One of the major themes of Convict Conman is certainly about how the justice system and also society as a whole needs to do better in terms of the fight against gender-based violence. The documentary highlights some of the good – and the people in the justice system who are determined to bring justice – as well as some of the bad and how the justice system fails South African victims. Now, what has been the response from the likes of police officials and authorities to the documentary considering you did reach out to them for comment?
Nikki Comninos: It’s been difficult. It’s been very difficult. I think Veronica Banks, the policewoman who arrested Dawie de Villiers, was incredible. She was wonderful; she was very forthcoming. Obviously, we have to go through her superior, so it takes some time to get sign off. But we were never able to get an interview face to face with the Department of Correctional Services, which I’m quite sad about. They did answer us [via] email at the last moment, but we had been trying for months and months to actually speak to them. And I found in this particular instance, it would be quite unfortunate because this is a success story. We managed to put a perpetrator behind bars – that doesn’t always happen. And then they also did conduct a raid when they were given the tip-off by Jana [Marx]. So, in a way it, it felt to me that this could be a success story.
But it was difficult. They responded to emails with shifting goalposts, and then this spokesperson was on leave, then this person came back, and then we were never ever able to sit face to face and to talk about some of the complexities, which I found quite disappointing.
The last episode of Convict Conman shows how the story is far from over and there could be more hanging. Have you discussed the possibility of returning for what would be effectively episode three at some point?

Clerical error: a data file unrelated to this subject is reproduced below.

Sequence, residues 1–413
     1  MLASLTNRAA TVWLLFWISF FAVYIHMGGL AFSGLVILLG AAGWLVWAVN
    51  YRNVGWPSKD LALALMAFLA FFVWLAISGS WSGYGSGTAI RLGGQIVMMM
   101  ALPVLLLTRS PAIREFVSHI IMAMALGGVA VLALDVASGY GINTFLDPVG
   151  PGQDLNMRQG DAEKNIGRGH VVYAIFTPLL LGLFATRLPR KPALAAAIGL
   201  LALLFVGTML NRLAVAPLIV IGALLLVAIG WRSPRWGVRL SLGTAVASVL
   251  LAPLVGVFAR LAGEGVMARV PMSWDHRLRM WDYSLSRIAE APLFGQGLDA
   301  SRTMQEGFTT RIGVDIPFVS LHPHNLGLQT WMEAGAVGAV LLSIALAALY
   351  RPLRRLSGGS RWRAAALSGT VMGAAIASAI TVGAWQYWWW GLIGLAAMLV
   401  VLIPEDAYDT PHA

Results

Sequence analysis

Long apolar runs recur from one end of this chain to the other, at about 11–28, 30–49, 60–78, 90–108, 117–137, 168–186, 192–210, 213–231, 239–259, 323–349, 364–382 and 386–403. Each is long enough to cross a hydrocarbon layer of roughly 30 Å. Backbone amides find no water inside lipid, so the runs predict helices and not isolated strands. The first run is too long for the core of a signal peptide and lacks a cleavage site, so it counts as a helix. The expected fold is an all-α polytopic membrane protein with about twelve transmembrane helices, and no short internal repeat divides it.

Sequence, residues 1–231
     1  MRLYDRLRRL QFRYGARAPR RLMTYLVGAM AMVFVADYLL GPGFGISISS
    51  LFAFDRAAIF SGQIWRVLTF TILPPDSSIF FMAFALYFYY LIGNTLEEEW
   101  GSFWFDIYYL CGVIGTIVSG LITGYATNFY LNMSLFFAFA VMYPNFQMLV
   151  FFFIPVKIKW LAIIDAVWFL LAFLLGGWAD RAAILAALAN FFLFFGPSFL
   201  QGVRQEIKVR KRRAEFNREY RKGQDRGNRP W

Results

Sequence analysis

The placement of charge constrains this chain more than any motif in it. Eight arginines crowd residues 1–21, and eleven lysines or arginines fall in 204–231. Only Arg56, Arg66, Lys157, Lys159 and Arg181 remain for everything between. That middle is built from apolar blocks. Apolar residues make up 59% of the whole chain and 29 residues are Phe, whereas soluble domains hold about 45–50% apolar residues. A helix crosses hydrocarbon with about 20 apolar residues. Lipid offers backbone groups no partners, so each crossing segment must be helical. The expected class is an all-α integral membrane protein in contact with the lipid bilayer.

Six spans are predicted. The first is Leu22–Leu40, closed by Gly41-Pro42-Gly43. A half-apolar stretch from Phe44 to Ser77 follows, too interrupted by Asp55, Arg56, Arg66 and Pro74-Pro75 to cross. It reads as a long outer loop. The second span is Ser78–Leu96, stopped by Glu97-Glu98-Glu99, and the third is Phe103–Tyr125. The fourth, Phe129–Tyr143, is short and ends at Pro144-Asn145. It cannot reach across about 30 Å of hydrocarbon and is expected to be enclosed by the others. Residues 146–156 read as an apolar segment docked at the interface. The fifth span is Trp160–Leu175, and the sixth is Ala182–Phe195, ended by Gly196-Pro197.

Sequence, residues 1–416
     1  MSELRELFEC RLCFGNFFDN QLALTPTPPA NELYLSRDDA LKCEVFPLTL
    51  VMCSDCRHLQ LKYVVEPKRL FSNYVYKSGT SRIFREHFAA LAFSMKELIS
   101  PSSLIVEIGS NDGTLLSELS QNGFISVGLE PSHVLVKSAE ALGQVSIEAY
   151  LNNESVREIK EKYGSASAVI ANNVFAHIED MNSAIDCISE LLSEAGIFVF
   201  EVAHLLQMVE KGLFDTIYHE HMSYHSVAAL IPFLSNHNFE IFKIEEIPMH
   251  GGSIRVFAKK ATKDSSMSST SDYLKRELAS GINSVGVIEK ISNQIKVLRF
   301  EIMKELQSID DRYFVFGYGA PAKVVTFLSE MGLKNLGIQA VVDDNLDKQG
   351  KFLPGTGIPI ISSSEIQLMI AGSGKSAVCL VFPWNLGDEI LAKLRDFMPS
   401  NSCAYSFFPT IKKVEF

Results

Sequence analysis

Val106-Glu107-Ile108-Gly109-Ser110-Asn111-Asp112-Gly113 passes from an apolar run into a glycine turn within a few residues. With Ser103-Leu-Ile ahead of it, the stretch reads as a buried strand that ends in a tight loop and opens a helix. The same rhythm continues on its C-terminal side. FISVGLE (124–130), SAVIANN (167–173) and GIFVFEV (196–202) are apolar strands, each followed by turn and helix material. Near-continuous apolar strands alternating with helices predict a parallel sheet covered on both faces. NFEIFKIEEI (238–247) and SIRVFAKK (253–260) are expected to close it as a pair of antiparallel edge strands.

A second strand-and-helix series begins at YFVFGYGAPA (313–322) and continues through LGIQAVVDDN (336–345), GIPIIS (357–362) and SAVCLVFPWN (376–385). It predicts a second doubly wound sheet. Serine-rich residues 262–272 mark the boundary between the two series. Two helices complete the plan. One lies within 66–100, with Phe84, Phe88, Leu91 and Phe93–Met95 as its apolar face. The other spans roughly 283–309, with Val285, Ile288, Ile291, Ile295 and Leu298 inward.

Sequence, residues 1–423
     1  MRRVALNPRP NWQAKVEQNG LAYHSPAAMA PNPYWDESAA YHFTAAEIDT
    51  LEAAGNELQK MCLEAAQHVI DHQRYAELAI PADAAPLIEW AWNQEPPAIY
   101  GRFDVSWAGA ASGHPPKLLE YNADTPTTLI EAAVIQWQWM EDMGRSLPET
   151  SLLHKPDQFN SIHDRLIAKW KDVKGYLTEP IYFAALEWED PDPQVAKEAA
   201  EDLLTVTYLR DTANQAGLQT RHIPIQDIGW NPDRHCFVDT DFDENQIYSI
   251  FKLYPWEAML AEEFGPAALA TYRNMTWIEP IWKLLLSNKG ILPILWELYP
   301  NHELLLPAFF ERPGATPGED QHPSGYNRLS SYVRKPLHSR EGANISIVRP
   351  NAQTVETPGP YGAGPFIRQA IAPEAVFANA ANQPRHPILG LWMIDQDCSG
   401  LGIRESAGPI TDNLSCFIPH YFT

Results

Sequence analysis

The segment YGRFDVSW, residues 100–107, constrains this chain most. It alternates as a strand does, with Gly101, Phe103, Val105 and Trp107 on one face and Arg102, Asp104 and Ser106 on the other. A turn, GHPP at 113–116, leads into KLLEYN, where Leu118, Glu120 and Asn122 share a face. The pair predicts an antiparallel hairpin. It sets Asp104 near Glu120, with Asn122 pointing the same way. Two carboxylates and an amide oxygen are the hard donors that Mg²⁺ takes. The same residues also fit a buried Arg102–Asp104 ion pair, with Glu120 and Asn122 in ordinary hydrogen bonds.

Nikki Comninos: Yeah. The thing with a documentary is that the story is never over. It’s real life and it lives on, and even the impact of a documentary can trigger some other things. Like we know from Devilsdorp, the policeman was arrested after our film came out. So, yeah, documentaries live in the world, and they bump up against reality, and they can sometimes trigger more things. And even without that, like you say, there is some suspicion that there is more to the story. So, nothing ever gets packed away in a cupboard; I think it’s always sitting on the shelf. And if there’s enough meat and there’s enough of a story, then yes, then I think it gets pursued.
Sergio Pereira is a prolific and recognised journalist and writer from Johannesburg, South Africa. His expertise encompasses the topics of comic books, film, television, and video games. For over 16 years, he has built up his reputation and knowledge in entertainment journalism by writing for and learning from the world's largest publications.
Sergio is also an accredited Rotten Tomatoes reviewer and has interviewed numerous celebrities, such as Andy Serkis, Ben Barnes, Idris Elba, Letitia Wright and Frank Miller. He is the author of the highly rated fantasy comedy novel The Not-So-Grim Reaper and numerous short stories. In addition, he is the co-writer of the South African crime drama film The Lifesaver. As a regular columnist, he contributes to Looper, Grunge, Screen Rant, Ranker, CBR, SYFY WIRE, IGN Africa, Thought Catalog and Fortress of Solitude.
For Sergio, all he wants in life is to see the Teenage Mutant Ninja Turtles eclipse the Justice League as the greatest heroes of all time. Then, he will sleep peacefully.